A Manager can really bring benefit to a band looking to grow their career. The role of a Business Manager is to grow your business, align your assets, and cover your bases as a small business. The role of a Personal Manager, to put it simply, is to handle whatever needs to be handled so the artist can focus on three things: write, record, and perform. It is a bit of a seal of approval to other industry professionals to have representation – a means of saying “this band is worth my time and, therefore, yours as well” – and they can often hold the key to sway gatekeepers across booking agents, publishing companies, record labels, and show promoters.
However, it is vital to understand whether or not your band is ready for a Manager before leaping into an extensive, invasive, and binding contract.
Below are some questions to ask yourself before approaching a Management Firm for consideration:
- Is anyone in your band able to handle the administrative work or has it become too much?
New bands often handle their own administrative work. Now, this can be risky on the long term and having an outsider holds its benefits, but it can be costly and invasive to have someone jump in to handle your business from the get-go. Should your band be able to handle your administrative tasks, it may be best to do so for a while. Besides, it will shed some insight on what role the Manager fills, once you find one.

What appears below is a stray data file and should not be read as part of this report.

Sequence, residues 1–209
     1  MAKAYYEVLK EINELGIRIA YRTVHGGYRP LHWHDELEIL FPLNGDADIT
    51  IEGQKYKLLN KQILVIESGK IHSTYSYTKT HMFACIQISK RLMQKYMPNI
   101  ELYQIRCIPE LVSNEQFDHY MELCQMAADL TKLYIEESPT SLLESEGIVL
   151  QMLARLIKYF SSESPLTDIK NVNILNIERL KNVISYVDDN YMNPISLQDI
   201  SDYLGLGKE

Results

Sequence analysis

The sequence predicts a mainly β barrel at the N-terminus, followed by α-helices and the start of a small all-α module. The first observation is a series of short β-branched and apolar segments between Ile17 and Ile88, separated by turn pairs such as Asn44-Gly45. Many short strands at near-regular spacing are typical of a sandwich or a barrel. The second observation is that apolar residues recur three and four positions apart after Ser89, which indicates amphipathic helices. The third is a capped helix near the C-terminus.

But, if you are finding yourself completely bogged down by the administrative work – you can’t fulfill your merchandise orders, your marketing is lacking, your bookkeeping is behind, your professional outreach is null – then, approaching a Manager may be something to consider.
- Are you ready to have someone new in the business?
Ultimately, your Manager will want full control and ability to dig deeply into your business. They will want to be involved in every aspect and you will be contractually obligated to disclose all decisions and business moves to them prior to taking any action. And, pending how the contract is worded, they may hold the final word in any decision, which means you should truly be ready to give up control of your budding business.
Also, not only will they want total interest in your business, they will want your Power of Attorney and full financial control, as well. They will need access to the band bank account and be able to sign checks and contracts on your behalf. If this is something that makes you uncomfortable, you may want to consider other options on representation.
- Are you ready to have someone digging into your finances?
It is important for a Manager to financially understand where your business has been, where it is going, and where it plans to be. If you aren’t comfortable with a new set of eyes on your business finances, you will want to avoid bringing in a Manager. Though, I do urge for you to consider the benefit of being on top of your finances as a business, bringing in a new set of eyes for bookkeeping (such as a manager), and the huge value of having a CPA handle your taxes as a means of checks-and-balances.